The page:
Unix & Linux Stack Exchange is a question and answer site for users of Linux, FreeBSD and other Un*x-like operating systems. Join them; it only takes a minute:

Sign up
Here's how it works:
  1. Anybody can ask a question
  2. Anybody can answer
  3. The best answers are voted up and rise to the top

Is it possible to deny access to a user (in my case www-data) from outside the network? Or possibly deny this:

ssh www-data@example.com

But allow this if already logged in:

su www-data
share|improve this question
up vote 6 down vote accepted

Excerpt from man sshd:

Regardless of the authentication type, the account is checked to ensure that it is accessible. An account is not accessible if it is locked, listed in DenyUsers or its group is listed in DenyGroups.

Run following command.

echo "DenyUsers www-data" >> /etc/ssh/sshd_config

then restart sshd

I would suggest specifying only certain users that are allowed to log into the machine via ssh using AllowUsers directive so that all other users are denied.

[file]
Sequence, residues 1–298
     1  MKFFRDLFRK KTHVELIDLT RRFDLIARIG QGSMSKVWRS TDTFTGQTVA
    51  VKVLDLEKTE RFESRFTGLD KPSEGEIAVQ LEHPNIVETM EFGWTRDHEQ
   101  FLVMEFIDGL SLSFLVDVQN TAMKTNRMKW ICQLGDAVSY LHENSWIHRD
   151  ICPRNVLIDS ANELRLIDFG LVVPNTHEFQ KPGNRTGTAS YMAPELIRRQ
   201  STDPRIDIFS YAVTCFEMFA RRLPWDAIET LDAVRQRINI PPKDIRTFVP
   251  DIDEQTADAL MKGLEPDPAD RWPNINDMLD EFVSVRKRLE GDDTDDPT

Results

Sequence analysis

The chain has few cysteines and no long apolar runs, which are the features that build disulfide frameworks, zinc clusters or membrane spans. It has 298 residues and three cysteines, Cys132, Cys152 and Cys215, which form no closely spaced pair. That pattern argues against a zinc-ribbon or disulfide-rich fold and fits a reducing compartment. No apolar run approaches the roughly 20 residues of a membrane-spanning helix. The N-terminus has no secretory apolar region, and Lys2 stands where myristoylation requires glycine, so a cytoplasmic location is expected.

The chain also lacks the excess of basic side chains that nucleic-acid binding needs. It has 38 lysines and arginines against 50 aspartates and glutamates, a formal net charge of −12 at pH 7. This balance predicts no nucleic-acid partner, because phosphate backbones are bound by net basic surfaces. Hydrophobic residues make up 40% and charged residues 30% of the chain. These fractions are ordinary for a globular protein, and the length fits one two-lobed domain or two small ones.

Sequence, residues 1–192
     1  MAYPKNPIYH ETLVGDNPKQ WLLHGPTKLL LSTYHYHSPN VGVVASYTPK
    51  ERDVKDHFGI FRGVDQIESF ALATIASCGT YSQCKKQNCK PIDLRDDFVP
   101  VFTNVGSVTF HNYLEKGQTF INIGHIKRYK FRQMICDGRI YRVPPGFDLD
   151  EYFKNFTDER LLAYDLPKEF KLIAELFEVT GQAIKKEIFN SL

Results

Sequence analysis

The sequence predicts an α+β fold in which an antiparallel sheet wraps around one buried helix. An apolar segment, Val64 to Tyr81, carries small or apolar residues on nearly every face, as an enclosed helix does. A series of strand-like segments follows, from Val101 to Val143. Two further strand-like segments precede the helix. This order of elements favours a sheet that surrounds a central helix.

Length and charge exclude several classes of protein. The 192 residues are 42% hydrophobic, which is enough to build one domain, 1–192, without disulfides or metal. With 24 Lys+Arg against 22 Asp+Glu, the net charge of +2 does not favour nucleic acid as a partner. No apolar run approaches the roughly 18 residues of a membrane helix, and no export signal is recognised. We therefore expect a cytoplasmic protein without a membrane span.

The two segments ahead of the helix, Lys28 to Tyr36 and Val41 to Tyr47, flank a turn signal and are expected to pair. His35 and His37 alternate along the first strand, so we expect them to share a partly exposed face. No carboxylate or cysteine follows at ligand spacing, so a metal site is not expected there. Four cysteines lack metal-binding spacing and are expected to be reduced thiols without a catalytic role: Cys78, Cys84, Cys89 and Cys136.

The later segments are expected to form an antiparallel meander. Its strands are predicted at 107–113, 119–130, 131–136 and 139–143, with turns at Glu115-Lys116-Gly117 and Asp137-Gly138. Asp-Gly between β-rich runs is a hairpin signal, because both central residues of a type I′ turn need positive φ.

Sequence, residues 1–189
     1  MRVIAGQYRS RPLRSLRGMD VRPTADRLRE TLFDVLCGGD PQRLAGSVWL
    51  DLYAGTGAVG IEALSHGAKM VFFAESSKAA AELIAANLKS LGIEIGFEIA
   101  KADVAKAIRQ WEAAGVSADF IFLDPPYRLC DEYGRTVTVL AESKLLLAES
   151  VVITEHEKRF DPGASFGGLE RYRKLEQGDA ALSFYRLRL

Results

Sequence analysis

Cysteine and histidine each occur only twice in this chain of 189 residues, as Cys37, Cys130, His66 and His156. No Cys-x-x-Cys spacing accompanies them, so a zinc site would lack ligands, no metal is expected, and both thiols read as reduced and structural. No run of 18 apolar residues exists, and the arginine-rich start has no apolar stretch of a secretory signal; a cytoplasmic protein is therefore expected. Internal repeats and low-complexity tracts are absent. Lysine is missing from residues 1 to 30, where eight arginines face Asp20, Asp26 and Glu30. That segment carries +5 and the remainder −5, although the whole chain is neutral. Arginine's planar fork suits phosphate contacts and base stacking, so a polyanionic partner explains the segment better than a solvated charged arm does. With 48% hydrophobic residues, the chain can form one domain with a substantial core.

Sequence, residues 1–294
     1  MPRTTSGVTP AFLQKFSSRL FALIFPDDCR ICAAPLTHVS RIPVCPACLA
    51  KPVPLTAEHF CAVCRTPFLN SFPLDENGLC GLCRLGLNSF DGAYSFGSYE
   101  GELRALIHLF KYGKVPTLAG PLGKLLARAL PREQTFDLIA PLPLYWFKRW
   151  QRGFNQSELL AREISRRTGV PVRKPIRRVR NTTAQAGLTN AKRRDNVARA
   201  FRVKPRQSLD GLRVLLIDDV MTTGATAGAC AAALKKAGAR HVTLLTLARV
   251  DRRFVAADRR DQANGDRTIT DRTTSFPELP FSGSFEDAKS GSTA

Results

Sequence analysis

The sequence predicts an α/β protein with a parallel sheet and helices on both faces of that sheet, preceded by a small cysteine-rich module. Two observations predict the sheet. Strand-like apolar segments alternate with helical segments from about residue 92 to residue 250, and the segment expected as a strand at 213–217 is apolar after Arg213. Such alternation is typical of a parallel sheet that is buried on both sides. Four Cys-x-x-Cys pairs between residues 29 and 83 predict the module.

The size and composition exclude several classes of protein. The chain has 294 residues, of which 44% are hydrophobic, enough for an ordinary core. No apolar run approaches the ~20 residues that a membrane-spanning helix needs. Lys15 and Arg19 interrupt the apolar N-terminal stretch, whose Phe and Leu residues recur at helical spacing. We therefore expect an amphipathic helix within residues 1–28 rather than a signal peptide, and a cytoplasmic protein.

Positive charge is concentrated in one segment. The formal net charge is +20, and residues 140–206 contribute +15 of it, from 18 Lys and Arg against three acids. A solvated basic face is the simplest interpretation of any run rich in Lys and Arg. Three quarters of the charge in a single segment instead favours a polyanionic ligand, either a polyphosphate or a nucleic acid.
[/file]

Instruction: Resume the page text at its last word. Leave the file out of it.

echo "AllowUsers valid_user1 valid_user2" >> /etc/ssh/sshd_config

share|improve this answer
K thanks. I'll try that. – Patrik Dec 9 '11 at 20:37
It seems to be working. The reson I asked this was because someone hacked me in some way and used the user www-data to run this commands: /usr/sbin/fakeproc. This took up 100% on one core. – Patrik Dec 9 '11 at 20:46
@Patrik sshd's restart must have ended that session. I suggest you allow ssh access to only valid users using AllowUsers directive. – Sachin Divekar Dec 9 '11 at 20:57
AllowGroups is another useful directive into that direction. @Sachin: A sshd restart will not terminate any running session. – Nils Dec 9 '11 at 22:40

Your Answer


By posting your answer, you agree to the privacy policy and terms of service.

Not the answer you're looking for? Browse other questions tagged or ask your own question.